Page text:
By Caitriona McMahon @
I spoke recently about my first day trip to Dublin since developing acute anxiety disorder, labeling my experience ‘Mission Impossible,’ and I revealed the contents of my backpack and how it helped me through that particular situation.
I received so many kind messages and words of encouragement after I spoke about my experience on Irelandtodaynews.com.
What many people didn’t know was that on the way home the bus actually broke down. Yikes. And while that may not seem a big deal to most people, it was a huge issue to someone suffering anxiety.
But guess what, I survived it and so I am here to tell another tale. Mine is a story of trying to leave the house while being held back by obsessive anxiety thoughts, as if they were a bungee cord around my waist.
If I could ask you for a brief second to imagine: You need to leave the house but every time you go to close the front door a sense of dread pumps through your veins.
The type of dread that freezes you to the spot as you envisage the very worst happening.
Thoughts like “That’s it, the house will be burnt down when I come back, the washing machine will leak and drown the dog. Did I unplug the straightner? Maybe I’ll check one more time just to be sure…”
Sometime later you’re still stuck in that same vicious cycle of self doubt staring at the same empty socket convincing yourself your eyes are not lying and it is actually unplugged.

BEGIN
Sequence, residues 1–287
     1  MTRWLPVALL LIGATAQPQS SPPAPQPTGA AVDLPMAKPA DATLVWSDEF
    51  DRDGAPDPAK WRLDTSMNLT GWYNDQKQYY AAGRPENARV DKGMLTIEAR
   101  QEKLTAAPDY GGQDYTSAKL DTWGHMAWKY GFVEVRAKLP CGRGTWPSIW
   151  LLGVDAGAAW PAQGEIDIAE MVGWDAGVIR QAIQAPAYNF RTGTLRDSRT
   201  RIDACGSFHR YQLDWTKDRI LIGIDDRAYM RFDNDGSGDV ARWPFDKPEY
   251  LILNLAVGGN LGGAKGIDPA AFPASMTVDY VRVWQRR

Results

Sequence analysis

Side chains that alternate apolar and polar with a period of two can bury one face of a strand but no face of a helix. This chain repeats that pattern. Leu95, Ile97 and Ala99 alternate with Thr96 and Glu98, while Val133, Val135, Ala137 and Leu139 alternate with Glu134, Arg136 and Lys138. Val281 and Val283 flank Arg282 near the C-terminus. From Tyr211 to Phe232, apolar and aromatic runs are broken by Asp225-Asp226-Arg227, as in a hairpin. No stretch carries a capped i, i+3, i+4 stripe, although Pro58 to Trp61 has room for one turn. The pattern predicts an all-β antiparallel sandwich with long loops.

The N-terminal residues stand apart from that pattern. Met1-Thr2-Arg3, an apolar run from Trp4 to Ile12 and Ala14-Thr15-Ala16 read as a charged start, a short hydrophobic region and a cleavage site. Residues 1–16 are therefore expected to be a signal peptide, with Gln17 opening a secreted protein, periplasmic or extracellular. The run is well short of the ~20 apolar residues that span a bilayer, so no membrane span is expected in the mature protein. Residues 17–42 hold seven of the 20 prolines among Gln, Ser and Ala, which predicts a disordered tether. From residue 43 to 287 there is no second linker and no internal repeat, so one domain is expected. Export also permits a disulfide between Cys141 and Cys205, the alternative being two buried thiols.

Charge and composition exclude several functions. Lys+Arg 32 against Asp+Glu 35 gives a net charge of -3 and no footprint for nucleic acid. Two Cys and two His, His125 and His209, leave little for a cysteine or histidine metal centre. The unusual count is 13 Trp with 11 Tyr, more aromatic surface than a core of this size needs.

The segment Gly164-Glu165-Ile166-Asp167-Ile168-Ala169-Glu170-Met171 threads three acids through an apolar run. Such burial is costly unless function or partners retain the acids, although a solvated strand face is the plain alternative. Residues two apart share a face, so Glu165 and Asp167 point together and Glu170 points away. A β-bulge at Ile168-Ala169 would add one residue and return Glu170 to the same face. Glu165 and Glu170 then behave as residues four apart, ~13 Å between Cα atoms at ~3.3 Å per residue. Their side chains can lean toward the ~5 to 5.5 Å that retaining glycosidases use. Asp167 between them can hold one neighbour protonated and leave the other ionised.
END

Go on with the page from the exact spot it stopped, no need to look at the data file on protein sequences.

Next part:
The frustration becomes overwhelming and the sense of doom, suffocating.
Depending on the level of anxiety some days it can take up to 20 minutes to leave the drive without turning back to check the cooker is off once more.
The secret for me is that even though it may take two or three routine checks, I try not to put myself down over it.
Instead I say just like with the backpack, this is what I need in order to manage today and that’s okay.
It’s like my personal affirmation especially when I see chocolate on offer. “Whatever I need to manage today is okay.”
We often hear the phrase “That made me second guess myself”. Well, can you imagine what repeatedly doubting yourself is like day-in-day out. Not trusting yourself at all?
Imagine not being able to trust what your eyes are telling you is right. Sometimes I can see the funny side and laugh. Other times the wall or the door gets the brunt of a swift kick in frustration.
If visitors are in the house, I try to do all my routine checks without being noticed and this makes the anxiety worse. It can feel embarrassing but now I’ve learnt to say I just have to check a few bits to put my mind at ease.
The most frightening aspect for me is the fear of the next anxious thought and the emotions that follow. Or the possibility of a thought entering my head and my doubting the entire routine check, which could have included checking up to 20 items.
Anyone that has anxiety will know what it’s like to be anxious about becoming anxious. At first it was very confusing and to be honest I felt odd. I felt strange and as though this was only happening to me. But now I know this to be untrue. I am not alone at all.
Now I know that for every tap I twist multiple times that someone not far away in another house is doing the same.
And maybe it’s not checking items for you or someone you know. Perhaps it’s overwashing your hands, obsessively cleaning, the list is endless.
If you suffer with obsessive thoughts it’s important you know you are not the only one. Various coping mechanisms are out there to help, including cognitive behavioural therapy.
There are a huge range of services and supports out there to help you. You simply just have to ask.
The cycle of negative thoughts can be broken and a new one created by you!